From summer into early fall, this wonderous plant bears daisy like blossoms up to 3 inches across with light or deep yellow petals with brownish-purple centers. The stems have long white hairs, with each stem producing a single composite flower. The style-tips of the disk florets are slender and pointed. Each composite flower is about 2-3" across, and has no noticeable scent. The preference is full sun, and slightly moist to moderately dry soil conditions. Any reasonably fertile soil will be satisfactory. This plant is fast to mature and easy to grow, although short-lived. Sometimes an outbreak of powdery mildew on the leaves in a moist enviroment will show up in the fall. In natural habitats, Black-eyed Susan Wildflower Seeds occurs in mesic to dry prairies, mesic to dry upland forests, particularly in open rocky areas, as well as pastures and abandoned fields, areas along railroads and roadsides. Black-Eyed Susan colonizes disturbed areas readily, and recovers moderately well from fires. Black-Eyed Susan is an excellent choice for prairie restorations, or the first-year planting of a wildflower garden, as it may bloom during the first year from seed. They are members of the sunflower family, the “black eye” is named for the dark brown-purple centers of its daisy-like flower heads. The plants can grow to over 3 feet tall, with leaves of 6 inches, stalks over 8 inches long and flower diameter of 2 to 3 inches. Butterflies, bees and a variety of insects are attracted to the flowers for the nectar. As they drink the nectar, they move pollen from one plant to another, causing it to grow fruits and seeds that can move about easily with the wind.Black-eyed Susans are good for cut flowers; they also work well for borders or in containers.
Tips On When And Where To Plant Wildflower Seeds
First, find out what your gardening zone is. Take a look at our zoning information. Don't plant wildflowers when frost is still a danger in the early months of the year, or when frost is about to set in near year's end. In most regions, the optimal planting time for wildflowers begins as soon as all danger of frost has past and warmer days are ahead.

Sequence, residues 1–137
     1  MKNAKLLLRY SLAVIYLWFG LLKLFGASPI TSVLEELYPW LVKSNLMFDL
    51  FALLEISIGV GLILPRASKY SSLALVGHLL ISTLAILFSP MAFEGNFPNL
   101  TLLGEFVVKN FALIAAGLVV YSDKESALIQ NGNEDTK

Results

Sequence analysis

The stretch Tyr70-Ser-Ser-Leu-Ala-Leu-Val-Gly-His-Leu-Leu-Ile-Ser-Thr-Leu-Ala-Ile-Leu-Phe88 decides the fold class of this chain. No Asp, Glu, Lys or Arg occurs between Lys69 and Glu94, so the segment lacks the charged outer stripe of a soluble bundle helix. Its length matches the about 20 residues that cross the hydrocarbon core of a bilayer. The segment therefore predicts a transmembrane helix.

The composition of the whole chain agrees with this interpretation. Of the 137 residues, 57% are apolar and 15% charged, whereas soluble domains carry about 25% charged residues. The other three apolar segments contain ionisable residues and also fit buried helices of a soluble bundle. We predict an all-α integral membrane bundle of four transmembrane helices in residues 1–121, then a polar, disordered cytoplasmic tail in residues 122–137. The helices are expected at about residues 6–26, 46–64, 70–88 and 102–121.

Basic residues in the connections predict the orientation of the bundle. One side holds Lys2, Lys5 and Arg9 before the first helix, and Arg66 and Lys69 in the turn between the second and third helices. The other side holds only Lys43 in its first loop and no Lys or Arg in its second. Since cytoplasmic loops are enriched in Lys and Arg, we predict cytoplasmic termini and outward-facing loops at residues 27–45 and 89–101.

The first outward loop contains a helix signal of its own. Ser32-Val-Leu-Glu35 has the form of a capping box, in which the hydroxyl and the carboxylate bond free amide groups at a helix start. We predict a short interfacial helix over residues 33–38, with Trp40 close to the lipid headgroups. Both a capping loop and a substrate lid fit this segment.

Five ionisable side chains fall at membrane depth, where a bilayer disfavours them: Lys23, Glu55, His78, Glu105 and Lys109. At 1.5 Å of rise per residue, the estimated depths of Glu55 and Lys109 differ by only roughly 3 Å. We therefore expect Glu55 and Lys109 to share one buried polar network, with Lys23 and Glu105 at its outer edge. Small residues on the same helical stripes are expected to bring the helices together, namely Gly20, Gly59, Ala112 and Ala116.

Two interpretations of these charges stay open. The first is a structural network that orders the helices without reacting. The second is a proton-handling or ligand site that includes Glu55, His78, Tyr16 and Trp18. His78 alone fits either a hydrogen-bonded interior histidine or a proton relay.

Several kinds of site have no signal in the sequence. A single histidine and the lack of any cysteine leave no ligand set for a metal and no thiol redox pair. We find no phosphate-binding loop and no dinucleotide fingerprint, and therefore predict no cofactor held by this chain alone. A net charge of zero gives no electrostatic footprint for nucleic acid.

Do you live in California, Florida or southern Texas? Times of frost are minimal in your area, and you can plant wildflowers in all but the coldest weeks of the year, or the very hottest part of summer. In California, most gardeners plant their wildflower seed in the early winter, so that it is sitting there ready for the first rains to wake it up! In Florida, however, fall is a better time to plant wildflower seeds.
Are you in a rainy corner of the country? Plant before your local rainy season begins, ensuring that your wildflowers will have plenty of time to germinate and establish themselves before summer heat hits in.
In many parts of the country, both annual and perennial wildflower seeds will become permanent parts of the garden, growing either via reseeding or by living on from year to year on their own roots.
If you aren't sure about your zone or optimal wildflower planting time, you can contact your local Ag Department.
How To Plant Your Wildflower Seeds
Don't rake or cover your wildflower seeds with dirt. Instead, after you've finished scattering the wildflower seed, simply walk over the area in your shoes - or barefoot if you're a nature-loving guy or gal! This will gently compress the seeds into the soil without burying them.
If you're expecting rain within a week or so of sowing your wildflower seed, there is no need to water. But, if you live in a dry area or can't count on rain, mist the wildflower seed growing area with a hose or gentle sprinkler. Keep the seed bed moist until the little plants are established or rain is falling on its own without help from your garden hose! Germination times are unique to each variety with some appearing in as little as a week and others taking many weeks to germinate. Be patient - each variety will start growing at the time that is right for it.Each fall, you will need to do an annual mowing of your wildflower garden. Set your mower to high and go over the entire area. And that's all you need to do. Unlike other types of gardening where you are buying starts or established plants and putting them in specific places, wildflower gardening comes with a built-in element of adventure. You will sow your seeds just where you want them this year, but Mother Nature may give you some surprises next year when she resows the seeds and comes up with a whole new work of living art for your enjoyment!